Weaving Science With Storytelling on the American Prairie Reserve

The Adventure Scientists’ Landmark project provides year-round wildlife data to the American Prairie Reserve through direct observation and remote camera trap footage. Crew members come from many backgrounds, often with many creative talents. Sydney Toni of the January/February 2016 crew was struck by the way experiential and experimental information are intertwined on the Landmark project. Discover below how her time as a volunteer allowed her to view this scientific study through a more creative lens.

The plains suddenly break into wooded coulees near the Missouri River. Photo by Deniz Bertuna

By Sydney Toni

Our day starts at eight o’clock. As the rest of the crew gathers in the kitchen to pull together breakfast, or pull themselves together with coffee, I step outside onto the porch of the Enrico Science Center. The sun has yet to crest the small hill that lies directly to the east, and I watch two white-tailed deer skip away across a nearby field. It’s windier than yesterday. I can hear the low singing of the wind in the creek bed.

Snowy owl in flight
Snowy owls visit the northern plains during the winter months and are regularly seen hunting the open meadows. Photo by Deniz Bertuna

The whole landscape is an instrument, played by the air, the animals, even us. The staccato burst of a flushed sharp-tailed grouse, a sustained pause between bursts of wing beats. The lumbering gallop of a bison provides the bass. The prairie is chopped up by notes and songs played again and again—the tracks that run in incomprehensible loops, with patches of snow cleared by foragers and our own footprints covered here and there by drifts. At dusk, the coyotes howl somewhere unseen.

The joy in the Landmark project comes from moving slowly through the landscape, taking note of its routines and outbursts. We are the third year of walkers, seers, curious explorers. All we can do is attempt to be present.

Frost covered bison at sunrise
The American Prairie Reserve is currently home to more than 600 bison. Photo by Deniz Bertuna

On our first day, we saw pronghorn move like water, condensing into a single stream running away across the ridge. And like water, upon hitting an obstacle they pooled together and turned back in unison. I do not know if the pronghorn are always in this spot, if they are fewer than last year, or why they are here, exactly here, at all. But, through a series of numbers, cardinal directions, and phrases entered into our data sheets, these pronghorn contribute to what the prairie might be. With a small army of volunteers walking the American Prairie Reserve almost every day all year, storytelling and data collection begin to merge.

Sydney Toni watching the prairie sunset.
Author Sydney Toni takes in one of the prairie’s prolonged sunsets. Photo by Deniz Bertuna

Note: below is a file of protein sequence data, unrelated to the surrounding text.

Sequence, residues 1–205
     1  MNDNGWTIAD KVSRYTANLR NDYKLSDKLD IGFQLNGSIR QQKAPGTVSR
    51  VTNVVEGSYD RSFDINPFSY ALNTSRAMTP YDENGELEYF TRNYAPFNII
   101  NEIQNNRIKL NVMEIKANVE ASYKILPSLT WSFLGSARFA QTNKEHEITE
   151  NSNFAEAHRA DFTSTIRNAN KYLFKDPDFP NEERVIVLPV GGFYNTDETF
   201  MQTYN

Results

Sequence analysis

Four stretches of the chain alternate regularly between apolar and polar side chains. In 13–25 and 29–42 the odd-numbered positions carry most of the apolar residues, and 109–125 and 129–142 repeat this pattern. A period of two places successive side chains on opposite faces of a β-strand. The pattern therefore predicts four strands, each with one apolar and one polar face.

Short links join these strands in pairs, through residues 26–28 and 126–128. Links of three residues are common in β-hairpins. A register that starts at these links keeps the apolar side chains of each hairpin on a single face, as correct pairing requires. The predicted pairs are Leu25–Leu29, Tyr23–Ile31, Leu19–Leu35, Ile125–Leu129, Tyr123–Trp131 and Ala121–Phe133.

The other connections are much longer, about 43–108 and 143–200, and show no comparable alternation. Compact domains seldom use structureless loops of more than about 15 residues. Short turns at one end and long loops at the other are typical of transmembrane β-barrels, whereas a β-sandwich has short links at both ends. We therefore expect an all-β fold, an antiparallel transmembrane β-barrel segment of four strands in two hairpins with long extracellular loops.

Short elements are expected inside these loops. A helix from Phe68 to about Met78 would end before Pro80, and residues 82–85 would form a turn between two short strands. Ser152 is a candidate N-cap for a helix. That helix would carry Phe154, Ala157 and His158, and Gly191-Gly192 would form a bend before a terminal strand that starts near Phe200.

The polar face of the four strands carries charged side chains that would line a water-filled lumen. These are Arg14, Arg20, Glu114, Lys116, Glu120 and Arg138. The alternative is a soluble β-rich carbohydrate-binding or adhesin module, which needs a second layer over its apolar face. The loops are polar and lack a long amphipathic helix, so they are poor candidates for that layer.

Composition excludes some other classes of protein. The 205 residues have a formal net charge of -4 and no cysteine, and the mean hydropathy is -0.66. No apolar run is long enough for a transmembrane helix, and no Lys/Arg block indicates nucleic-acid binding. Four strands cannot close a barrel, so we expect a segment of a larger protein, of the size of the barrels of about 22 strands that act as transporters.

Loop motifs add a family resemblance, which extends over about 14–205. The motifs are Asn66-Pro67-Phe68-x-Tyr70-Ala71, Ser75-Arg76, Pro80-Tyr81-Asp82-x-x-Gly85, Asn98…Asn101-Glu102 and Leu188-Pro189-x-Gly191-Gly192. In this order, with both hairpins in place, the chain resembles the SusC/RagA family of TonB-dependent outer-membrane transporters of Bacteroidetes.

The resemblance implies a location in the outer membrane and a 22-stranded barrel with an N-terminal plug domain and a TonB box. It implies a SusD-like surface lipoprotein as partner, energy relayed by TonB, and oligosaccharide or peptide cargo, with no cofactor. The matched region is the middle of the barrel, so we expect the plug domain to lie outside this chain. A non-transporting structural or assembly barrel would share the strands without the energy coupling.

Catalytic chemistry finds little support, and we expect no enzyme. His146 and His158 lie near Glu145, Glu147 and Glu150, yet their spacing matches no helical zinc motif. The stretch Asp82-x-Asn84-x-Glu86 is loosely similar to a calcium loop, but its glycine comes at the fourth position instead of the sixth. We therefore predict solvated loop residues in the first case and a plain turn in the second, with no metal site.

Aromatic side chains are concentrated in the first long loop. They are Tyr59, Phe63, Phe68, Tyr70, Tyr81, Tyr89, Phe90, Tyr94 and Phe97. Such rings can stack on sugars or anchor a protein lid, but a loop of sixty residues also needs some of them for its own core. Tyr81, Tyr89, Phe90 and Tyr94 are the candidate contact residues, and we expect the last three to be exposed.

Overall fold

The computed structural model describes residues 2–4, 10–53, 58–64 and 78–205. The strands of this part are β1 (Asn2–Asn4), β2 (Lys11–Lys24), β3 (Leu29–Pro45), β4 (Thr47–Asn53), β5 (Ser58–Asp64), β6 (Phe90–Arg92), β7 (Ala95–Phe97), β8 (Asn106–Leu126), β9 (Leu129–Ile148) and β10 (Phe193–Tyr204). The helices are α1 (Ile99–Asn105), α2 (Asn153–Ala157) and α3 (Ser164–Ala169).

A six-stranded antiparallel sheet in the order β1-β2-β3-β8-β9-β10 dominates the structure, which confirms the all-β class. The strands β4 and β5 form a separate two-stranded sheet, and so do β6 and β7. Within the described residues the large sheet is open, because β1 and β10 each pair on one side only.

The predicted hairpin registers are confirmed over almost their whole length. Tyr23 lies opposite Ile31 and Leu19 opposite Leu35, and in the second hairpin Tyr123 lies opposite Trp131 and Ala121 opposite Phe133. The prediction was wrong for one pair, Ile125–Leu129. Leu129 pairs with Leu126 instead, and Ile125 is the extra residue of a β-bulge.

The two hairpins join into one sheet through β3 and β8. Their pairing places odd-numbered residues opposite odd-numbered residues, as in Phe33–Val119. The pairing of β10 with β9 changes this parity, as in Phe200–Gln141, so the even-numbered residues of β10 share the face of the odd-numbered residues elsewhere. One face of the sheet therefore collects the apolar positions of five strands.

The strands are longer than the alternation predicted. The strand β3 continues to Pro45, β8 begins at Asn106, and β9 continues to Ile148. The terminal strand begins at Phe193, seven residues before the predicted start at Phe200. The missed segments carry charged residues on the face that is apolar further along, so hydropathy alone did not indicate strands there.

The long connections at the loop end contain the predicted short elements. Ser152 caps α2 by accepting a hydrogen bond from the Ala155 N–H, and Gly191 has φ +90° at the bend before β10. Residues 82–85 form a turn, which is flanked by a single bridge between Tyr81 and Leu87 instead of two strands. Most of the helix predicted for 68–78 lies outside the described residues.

It is the seeming unpredictability of the non-human world that draws many of us outside. Time feels vivid, even after dragging your boots up a series of muddy hills that mark your ninth mile of the day. The world seems both fleeting (fumbled attempts to photograph the mule deer bouncing up the ridge) and bigger than time itself.

It is humbling to walk all day and catch only snatches of mule deer in the distance or the odd short-eared owl. It reminds us that the landscape is vast and our path is narrow. As a newcomer, it would be foolish to make assumptions from a single wildlife sighting. Standing in the lee of some hills as other more industrious crew members retrieve data from a wildlife trapping camera, I wonder if the coyotes are howling today for the pronghorn that ducked under the fence not a few miles back. This hole in my knowledge—why do coyotes howl and for whom?—tugs a little at my anxious heart. I crave intimacy when I have only flashes of fleeing deer and glimpses of startled jackrabbits. It is this tug, I suppose, that captures the importance of spending time in wild spaces. If we never know, it is hard to care.  

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Meet the Author
Gregg Treinish founded Adventure Scientists in 2011 with a strong passion for both scientific discovery and exploration. National Geographic named Gregg Adventurer of the Year in 2008 when he and a friend completed a 7,800-mile trek along the spine of the Andes Mountain Range. He was included on the Christian Science Monitor's 30 under 30 list in 2012, and the following year became a National Geographic Emerging Explorer for his work with Adventure Scientists. In 2013, he was named a Backpacker Magazine "hero", in 2015, a Draper Richards Kaplan Entrepreneur and one of Men's Journal's "50 Most Adventurous Men." In 2017, he was named an Ashoka Fellow and in 2018 one of the Grist 50 "Fixers." Gregg holds a biology degree from Montana State University and a sociology degree from CU-Boulder. He thru-hiked the Appalachian Trail in 2004. Read more updates from Gregg and others on the Adventure Scientists team at adventurescientists.org/field-notes. Follow Adventure Scientists on Instagram @adventurescientists, on Facebook @adventurescientists, and on Twitter @AdvScientists.